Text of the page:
23 May 2023
We want you to stand a great chance of getting the job you want, so we thought a few basic tips on handling your next interview would be useful. These will be especially useful for those of you who may be out of practice in the interview world, or those who may have had limited interview exposure.
Have a think about the questions that you would ask if you were in the interviewer’s shoes, i.e. what would you want to know about a potential employee. Then, practise how you would respond to those questions. There will always be some common questions you can think of: practising how you would answer even those will help boost your chances.
There are lists of potential interview questions available online and guides to what types of answers the interviewers are hoping for that can give you an advantage when it comes to the interview stage of your application.
To maximise your chances of success, you should find a friend to practise with or consider the possibility of doing some interview coaching with OurBob.com to further improve your chances of being successful in your real world interviews.
Investing some of your time getting to know a bit about the company will make you look keen and interested in the employer. There are many ways this can be done but the easiest is to have a look at their website and other online news stories about them.
Going armed with some facts about the company, their recent achievements or headlines (positive ones!) will really help you stand a good chance. Inserting your knowledge into your discussions, at the appropriate point, will help - especially if you can mention relevant information in the context of the job you are applying for.
Interviewers enjoy hearing from candidates who have clearly done their homework and are showing that they are willing to put in the work required to win their place at the company. One of the things that interviewers find the hardest is dealing with candidates who don’t seem all that interested in the specifics of the company. Looking like you are only applying for the job because you need a job or the salary appeals to you is never a good look in these circumstances.
3. Presenting yourself
First impressions are key when trying to impress a potential employer. Making sure that you look the part will create an impression of professionalism and this is something that interviewers value. Presenting yourself well can look different depending on whether you present as male or female but the overall advice is to look smart and like you have made an effort. This means that your hair should be brushed or styled and your clothing should be tidy and without creases.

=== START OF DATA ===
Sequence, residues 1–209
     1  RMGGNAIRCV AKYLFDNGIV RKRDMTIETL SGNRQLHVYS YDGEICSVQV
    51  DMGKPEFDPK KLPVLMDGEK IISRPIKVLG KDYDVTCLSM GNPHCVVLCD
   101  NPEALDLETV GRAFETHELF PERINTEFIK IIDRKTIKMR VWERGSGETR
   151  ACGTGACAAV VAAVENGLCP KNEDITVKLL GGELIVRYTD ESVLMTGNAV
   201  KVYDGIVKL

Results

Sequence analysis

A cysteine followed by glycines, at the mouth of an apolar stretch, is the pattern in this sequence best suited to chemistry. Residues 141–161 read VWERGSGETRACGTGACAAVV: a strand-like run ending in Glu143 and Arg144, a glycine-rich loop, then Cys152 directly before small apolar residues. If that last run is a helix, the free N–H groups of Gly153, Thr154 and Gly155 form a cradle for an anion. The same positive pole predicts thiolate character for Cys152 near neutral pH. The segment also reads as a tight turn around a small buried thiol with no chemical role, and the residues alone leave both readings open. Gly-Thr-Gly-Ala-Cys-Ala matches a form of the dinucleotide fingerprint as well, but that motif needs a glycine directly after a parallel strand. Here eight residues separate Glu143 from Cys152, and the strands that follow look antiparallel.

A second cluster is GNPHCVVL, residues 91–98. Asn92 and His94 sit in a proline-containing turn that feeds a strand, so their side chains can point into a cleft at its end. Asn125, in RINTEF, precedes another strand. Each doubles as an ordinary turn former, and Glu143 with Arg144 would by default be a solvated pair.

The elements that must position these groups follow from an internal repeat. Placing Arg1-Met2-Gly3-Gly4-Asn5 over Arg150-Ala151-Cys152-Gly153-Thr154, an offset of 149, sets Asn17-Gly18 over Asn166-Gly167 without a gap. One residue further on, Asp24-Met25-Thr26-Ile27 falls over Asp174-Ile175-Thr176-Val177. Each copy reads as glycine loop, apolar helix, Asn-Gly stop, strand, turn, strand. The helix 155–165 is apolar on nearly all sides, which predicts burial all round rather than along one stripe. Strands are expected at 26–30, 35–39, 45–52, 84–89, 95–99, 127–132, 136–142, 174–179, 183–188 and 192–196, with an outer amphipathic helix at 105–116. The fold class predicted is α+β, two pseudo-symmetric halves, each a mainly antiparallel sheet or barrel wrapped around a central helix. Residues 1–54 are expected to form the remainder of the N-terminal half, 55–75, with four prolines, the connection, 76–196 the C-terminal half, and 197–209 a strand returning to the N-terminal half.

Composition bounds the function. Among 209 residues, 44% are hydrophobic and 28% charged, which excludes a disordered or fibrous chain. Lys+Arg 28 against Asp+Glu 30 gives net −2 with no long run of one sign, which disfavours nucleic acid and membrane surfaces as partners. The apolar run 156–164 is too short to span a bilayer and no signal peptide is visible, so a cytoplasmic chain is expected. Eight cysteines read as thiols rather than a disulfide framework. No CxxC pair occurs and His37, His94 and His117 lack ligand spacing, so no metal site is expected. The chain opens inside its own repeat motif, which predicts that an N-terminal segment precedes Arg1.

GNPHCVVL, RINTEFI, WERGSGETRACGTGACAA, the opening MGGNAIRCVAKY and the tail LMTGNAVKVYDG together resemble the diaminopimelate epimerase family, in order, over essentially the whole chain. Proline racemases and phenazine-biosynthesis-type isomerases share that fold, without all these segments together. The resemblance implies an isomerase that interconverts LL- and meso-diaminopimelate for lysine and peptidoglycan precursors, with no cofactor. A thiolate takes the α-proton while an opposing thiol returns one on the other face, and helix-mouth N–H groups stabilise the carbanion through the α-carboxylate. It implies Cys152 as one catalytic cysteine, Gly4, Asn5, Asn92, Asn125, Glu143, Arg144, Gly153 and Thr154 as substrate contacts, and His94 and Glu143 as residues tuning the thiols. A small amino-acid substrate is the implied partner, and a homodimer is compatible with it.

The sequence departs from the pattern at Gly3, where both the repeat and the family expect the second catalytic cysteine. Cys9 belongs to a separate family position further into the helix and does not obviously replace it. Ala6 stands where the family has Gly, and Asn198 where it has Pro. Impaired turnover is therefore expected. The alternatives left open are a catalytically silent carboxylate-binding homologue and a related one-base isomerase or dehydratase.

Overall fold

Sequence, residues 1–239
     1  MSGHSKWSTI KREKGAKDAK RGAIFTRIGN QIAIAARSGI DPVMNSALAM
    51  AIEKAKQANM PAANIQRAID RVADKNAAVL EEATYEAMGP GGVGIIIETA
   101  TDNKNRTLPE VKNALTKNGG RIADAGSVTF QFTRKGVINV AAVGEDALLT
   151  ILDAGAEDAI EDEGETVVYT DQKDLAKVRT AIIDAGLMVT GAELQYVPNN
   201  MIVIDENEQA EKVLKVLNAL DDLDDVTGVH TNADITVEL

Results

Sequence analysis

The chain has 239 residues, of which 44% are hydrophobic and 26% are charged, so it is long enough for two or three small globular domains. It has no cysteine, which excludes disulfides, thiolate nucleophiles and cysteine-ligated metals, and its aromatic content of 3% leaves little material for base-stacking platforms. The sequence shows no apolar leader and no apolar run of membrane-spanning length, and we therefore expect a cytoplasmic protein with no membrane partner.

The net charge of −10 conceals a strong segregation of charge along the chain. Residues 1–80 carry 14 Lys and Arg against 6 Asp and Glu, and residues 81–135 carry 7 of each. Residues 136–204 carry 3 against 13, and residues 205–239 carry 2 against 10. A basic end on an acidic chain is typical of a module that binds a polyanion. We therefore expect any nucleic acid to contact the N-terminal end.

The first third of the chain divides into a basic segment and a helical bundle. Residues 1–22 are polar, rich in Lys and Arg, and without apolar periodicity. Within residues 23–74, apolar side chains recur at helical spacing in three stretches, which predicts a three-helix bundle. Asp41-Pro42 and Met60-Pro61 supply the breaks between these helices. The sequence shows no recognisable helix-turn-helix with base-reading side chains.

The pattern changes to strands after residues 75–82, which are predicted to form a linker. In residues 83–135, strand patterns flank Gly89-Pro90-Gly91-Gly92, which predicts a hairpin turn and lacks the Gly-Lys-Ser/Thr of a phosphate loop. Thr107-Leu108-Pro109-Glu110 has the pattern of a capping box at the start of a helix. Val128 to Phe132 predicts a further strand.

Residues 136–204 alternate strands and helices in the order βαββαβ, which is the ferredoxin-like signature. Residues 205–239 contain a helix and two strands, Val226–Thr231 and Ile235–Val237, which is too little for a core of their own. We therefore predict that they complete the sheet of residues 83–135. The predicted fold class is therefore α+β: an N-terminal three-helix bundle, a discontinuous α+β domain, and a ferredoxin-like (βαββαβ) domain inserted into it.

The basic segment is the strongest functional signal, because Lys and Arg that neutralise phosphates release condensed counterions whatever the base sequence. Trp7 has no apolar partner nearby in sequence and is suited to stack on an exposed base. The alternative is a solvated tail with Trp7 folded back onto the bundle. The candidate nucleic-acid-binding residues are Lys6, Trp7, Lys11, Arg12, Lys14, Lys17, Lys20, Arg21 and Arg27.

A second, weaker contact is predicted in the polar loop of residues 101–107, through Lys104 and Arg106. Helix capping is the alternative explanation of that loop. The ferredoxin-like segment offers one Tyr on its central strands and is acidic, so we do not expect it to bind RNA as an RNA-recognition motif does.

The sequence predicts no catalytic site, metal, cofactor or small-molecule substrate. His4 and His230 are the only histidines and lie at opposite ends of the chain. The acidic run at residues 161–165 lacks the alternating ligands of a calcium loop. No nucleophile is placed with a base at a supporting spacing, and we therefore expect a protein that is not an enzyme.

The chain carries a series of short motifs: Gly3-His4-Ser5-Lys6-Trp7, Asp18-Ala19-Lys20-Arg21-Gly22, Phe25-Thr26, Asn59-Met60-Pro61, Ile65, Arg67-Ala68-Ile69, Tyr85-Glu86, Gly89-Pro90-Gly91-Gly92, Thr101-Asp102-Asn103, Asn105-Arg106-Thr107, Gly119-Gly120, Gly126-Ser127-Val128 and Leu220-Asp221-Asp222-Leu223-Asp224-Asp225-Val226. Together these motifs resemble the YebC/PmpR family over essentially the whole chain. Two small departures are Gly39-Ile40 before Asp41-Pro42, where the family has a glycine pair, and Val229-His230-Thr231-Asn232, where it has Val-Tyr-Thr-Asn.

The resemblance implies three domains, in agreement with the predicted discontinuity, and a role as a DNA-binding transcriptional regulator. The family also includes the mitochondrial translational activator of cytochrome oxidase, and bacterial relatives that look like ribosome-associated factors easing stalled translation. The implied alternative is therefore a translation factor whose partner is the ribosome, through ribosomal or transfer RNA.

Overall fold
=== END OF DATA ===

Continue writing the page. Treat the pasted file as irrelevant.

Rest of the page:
Dressing smartly can look different depending on the job and your personal aesthetic. Some employers still frown on brightly coloured hair and some don’t care at all about such things. If being able to stay true to your own personal brand is important to you in a workplace setting, turning up to the interview smartly dressed but within your own personal style can be a good way to find out if the employer is a good fit on this front.
In terms of personal aesthetics, just because something is considered “alternative”, it doesn’t necessarily mean that it doesn’t belong in the workplace. There are some “CorpGoth” or “Corporate Goth” acceptable style guides on the internet for people who follow this aesthetic and lifestyle while working in corporate jobs.
4. Show Interest
Show your interviewer that you are interested in what they have to say by keeping regular eye contact, and by asking them relevant questions during your discussion. This is a great way to establish that you find the job interesting and are keen to work with them.
Most importantly, show you are interested in the job itself by turning up in plenty of time and being prepared with anything they may ask you for, or you think you may need (CV, references or even your passport).
5. Be Friendly
A friendly attitude and a smile are great ways to give a good impression when you first meet an interviewer. Being able to smile with some genuine warmth and shake their hand will go a long way to making a good first impression in most cases. As nervous as you may be, smiling will make you look less anxious and may make you feel less anxious as well, as you will begin to see the interviewer warm up to you as well.
6. Ask Questions
Make sure you ask your interviewer relevant questions. There is nothing worse than looking like you're not interested, which is the general impression given if you say you have nothing to ask them.
Prepare and rehearse some questions before you go into the interview: it will be easier than trying to think of some whilst you are there, which can lead to some embarrassing silences!
7. Finish on a high note
Try to end the meeting with a positive and confident tone. Saying something along the lines of “It's been great to meet you", "Thanks so much for seeing me" or "I look forward to hearing from you soon” will stand you in good stead.
Interviews are never easy, and that is something that it is quite important to remember. Even if you get thrown off half way through by a tricky question, keep on track by thinking positively. The question may have been put in there to see how you deal with being tripped up. Interviews are, by their very nature, designed to be difficult and you shouldn’t feel bad if an interview didn’t go well.
There will be others and you will have had a chance to reflect on your performance and improve upon it for the next time by practising harder on some of the most common interview questions. Nobody needs to stay bad at job interviews, the more you do, the better you will get at them.